NSC expo
Subscribe or Register
View Cart  

Earn recertification points from the Board of Certified Safety Professionals by taking a quiz about this issue.

What's Your Opinion?

Has an employer ever asked you to do something that violated your code of ethics as a safety professional?

Take the poll and add your comment.

Vote   Results

Get the news that's
important to you.

Sign up for Safety+Health’s free monthly newsletters on:

  • Construction
  • Health Care Workers
  • Manufacturing
  • Mining, Oil and Gas
  • Office Safety Tips
  • Transportation
  • Worker Health and Wellness
  • Subscribe today

    Emergency department visits for brain injuries on rise: study

    June 4, 2014

    • / Print
    • Reprints
    • Text Size:
      A A

    Pittsburgh – Emergency department visits due to traumatic brain injuries have spiked almost 30 percent in recent years, according to a study from the University of Pittsburgh Medical Center.

    Researchers analyzed 2006-2010 data from the Nationwide Emergency Department Sample database and found a 29 percent increase in the rate of visits for traumatic brain injuries, compared with a 3.6 increase in overall emergency department visits.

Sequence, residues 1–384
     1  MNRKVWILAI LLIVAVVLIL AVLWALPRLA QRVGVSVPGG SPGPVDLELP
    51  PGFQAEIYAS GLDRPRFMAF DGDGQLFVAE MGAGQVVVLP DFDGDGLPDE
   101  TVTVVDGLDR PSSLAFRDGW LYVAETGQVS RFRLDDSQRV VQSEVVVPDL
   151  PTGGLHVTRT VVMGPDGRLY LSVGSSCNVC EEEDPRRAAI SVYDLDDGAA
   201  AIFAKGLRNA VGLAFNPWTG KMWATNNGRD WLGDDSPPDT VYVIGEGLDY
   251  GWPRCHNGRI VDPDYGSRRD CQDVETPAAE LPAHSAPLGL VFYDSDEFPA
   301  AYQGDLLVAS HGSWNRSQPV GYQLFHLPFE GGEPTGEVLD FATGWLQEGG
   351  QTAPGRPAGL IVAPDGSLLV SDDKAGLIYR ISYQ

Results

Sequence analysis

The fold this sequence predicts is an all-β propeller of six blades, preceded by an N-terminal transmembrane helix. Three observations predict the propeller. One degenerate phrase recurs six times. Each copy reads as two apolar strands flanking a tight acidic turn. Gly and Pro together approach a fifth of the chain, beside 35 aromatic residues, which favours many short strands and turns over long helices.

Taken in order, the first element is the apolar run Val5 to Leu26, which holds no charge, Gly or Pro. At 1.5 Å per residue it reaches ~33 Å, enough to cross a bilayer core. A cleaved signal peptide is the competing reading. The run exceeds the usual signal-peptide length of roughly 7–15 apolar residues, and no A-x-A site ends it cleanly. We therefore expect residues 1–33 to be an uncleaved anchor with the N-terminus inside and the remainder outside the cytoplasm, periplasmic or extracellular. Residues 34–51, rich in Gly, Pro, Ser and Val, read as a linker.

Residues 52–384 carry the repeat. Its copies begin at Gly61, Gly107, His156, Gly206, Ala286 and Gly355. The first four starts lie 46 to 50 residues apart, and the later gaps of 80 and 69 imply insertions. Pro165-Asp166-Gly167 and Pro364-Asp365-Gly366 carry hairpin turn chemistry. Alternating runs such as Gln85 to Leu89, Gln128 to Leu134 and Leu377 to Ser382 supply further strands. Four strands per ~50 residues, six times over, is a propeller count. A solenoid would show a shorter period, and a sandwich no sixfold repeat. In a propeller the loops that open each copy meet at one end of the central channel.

A number of factors, including increased awareness and diagnoses of traumatic brain injuries, could help explain the trend, researchers said.

    Most of the incidents regarding traumatic brain injuries were identified as concussions or unspecified head injuries. The age groups with the largest increase in traumatic brain injury-related emergency department visits were children younger than 3 and adults older than 60.

    Researchers said the findings may indicate that young children and senior citizens do not benefit as much as other age groups from concussion and helmet laws, safer sports practices, and other public health interventions.